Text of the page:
Module #4 - All About That Bias

Module #4 draws from Competency 13:

  • Competency 13: Be critical interpreting data

The paper describes this competency as follows:

Understand that data cannot be taken at face-value and requires interpretation. Describe how the training examples provided in an initial dataset can affect the results of an algorithm.

Our implementation of this competency focuses on the role of socio-political contexts of data collection and use. That is to say, we were less interested in the technical aspects of machine learning (as we were in module 2) and more in the socio-political conditions in which machine learning takes place. Specifically, the module engages with instances of bias and how it impacts machine learning. The AI literacy paper discusses bias as follows:

Bias/fairness: Most of the papers in the 2018 FAT ML conference focused on issues related to algorithmic bias (e.g. [118,121]). Algorithmic bias is often directly related to bias present in training datasets. Agents in-the-wild are also able to learn bias and bigotry from human users [99].

The module explores bias starting with the warm-up. Next, there is a substantial video on bias in AI. This video accomplishes several key points:

  • It provides prominent examples of bias in AI
  • It grounds bias in AI to human decision-making
  • It deepens the general definition of bias into three specific types: pre-existing, technical, and emergent
  • It ends by reminding that biased data is often a reflection of the world being reflected back through our machines

The video is followed by group discussions on bias in two specific social contexts: gender disparity and racism.

With the group activity, the focus on bias moves more directly to data, specifically on training data used in machine learning. The Stock-mart scanner activity in this section draws heavily from “Dirty Data, Bad Predictions.” This paper highlights the social justice issues that arise with systems that are built on data produced during documented periods of flawed, racially-biased, and sometimes unlawful practices and policies (e.g., “dirty policing”). These practices and policies shape the environment and the methodology by which data is created, which raises the risk of developing inaccurate, skewed, or systemically biased data (“dirty data”). Put simply, when machine learning systems are trained by such data, it is difficult to escape the legacies of the unlawful or biased practices that they are built on. The Stock-Mart scanner activity recreates this “dirty data, bad prediction” situation in the context of a fictional retail company Stock-Mart.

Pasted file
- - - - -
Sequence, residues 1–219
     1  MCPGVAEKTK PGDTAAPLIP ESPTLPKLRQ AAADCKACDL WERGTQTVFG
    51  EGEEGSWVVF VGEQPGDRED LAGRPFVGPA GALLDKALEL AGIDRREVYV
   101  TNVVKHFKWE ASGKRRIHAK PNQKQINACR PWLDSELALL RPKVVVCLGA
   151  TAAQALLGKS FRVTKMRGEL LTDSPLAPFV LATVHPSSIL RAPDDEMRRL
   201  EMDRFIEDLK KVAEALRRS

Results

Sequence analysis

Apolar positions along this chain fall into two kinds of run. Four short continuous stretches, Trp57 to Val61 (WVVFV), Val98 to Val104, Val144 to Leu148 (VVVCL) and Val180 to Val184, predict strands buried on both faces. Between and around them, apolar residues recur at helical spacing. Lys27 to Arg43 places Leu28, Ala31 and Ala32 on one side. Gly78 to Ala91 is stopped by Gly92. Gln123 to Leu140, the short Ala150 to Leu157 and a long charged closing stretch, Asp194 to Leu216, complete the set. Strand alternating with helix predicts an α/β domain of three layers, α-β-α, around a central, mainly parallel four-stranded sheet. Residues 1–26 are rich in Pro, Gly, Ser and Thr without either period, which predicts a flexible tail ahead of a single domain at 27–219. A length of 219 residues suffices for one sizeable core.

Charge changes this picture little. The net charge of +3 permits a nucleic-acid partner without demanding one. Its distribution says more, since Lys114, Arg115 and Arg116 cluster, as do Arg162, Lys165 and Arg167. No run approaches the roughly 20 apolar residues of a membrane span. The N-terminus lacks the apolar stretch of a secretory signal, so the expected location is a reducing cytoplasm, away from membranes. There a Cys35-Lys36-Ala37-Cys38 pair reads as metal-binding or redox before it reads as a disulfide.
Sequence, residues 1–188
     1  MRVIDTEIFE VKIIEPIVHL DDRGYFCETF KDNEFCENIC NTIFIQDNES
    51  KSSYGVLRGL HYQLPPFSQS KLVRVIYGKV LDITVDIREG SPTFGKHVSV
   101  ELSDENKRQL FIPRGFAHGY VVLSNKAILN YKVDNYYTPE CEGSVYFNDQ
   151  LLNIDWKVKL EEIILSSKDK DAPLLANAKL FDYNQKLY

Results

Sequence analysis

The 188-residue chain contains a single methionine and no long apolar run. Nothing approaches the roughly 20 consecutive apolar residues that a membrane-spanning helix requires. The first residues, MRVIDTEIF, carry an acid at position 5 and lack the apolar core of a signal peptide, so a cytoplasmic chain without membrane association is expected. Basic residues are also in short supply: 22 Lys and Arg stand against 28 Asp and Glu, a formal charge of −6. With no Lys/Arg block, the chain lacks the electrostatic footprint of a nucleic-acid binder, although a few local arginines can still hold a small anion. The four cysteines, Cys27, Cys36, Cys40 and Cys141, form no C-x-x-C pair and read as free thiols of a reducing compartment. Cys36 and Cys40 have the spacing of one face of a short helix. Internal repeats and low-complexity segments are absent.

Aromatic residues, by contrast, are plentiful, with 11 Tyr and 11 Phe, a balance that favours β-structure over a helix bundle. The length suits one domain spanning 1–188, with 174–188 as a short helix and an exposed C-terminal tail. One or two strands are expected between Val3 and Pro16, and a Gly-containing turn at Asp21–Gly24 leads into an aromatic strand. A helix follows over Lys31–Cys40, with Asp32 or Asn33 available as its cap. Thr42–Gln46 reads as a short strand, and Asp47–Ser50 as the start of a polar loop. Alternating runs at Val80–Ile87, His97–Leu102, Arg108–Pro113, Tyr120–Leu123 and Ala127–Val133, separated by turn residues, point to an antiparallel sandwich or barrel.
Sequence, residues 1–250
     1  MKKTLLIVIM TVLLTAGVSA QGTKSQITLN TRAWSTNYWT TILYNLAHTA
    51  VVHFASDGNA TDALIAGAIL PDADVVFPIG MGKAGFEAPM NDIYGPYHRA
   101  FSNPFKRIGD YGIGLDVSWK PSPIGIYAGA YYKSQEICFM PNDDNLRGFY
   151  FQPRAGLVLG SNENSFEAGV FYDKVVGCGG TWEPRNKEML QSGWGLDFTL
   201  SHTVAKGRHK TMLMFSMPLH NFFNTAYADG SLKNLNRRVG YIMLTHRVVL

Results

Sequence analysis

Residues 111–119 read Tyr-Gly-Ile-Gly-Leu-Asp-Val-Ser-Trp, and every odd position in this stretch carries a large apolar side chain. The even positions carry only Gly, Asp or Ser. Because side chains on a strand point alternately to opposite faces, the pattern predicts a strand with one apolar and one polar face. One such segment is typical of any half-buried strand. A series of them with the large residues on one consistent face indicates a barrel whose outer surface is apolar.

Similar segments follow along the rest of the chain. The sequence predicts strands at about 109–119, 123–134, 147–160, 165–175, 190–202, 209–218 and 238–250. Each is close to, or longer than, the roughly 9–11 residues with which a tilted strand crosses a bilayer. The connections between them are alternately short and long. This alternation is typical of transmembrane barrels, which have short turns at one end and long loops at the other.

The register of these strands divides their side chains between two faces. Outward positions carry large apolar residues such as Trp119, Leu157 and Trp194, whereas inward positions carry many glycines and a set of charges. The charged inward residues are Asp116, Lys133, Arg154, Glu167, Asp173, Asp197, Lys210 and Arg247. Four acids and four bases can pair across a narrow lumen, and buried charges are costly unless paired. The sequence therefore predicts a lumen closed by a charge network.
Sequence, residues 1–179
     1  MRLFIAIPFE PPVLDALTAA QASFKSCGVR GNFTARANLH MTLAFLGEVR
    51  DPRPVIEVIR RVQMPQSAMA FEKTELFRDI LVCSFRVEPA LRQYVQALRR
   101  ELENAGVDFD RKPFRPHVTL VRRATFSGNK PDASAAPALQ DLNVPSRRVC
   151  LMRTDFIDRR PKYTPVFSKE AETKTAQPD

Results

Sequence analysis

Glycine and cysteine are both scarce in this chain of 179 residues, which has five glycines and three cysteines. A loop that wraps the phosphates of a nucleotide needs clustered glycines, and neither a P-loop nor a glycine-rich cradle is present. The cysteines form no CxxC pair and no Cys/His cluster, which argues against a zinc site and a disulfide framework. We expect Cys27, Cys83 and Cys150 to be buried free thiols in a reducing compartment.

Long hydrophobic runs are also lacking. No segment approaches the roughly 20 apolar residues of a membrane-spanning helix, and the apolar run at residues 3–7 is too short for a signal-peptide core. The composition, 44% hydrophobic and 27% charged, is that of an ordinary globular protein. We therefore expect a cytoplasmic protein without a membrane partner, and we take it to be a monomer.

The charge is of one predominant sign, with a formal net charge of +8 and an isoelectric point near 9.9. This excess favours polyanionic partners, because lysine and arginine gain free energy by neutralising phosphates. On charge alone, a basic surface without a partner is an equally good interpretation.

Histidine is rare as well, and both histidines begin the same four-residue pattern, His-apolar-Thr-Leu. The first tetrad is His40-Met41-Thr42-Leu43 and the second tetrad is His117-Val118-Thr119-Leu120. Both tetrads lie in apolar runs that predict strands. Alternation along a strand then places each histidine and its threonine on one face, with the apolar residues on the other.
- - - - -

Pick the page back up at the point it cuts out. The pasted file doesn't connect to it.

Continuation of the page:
The company developed a machine-learning algorithm to help screen applicants for hiring. Stock-Mart trained this algorithm using data (photos) of previously “successful” employees: those who never missed a day of work, worked at the company for at least four years, and were promoted at least once. However, during the period when that data was collected, the company was discriminating against minority employees. This racial discrimination is visually evident in the folders of the training data. The folder with photos of previously successful employees is majority white, while the folder with photos that did not meet these criteria is majority people of color. Thus, this preexisting bias in the data is encoded into the algorithm and becomes a vicious cycle: the algorithm has learned whiter candidates are higher-priority interviews than people of color.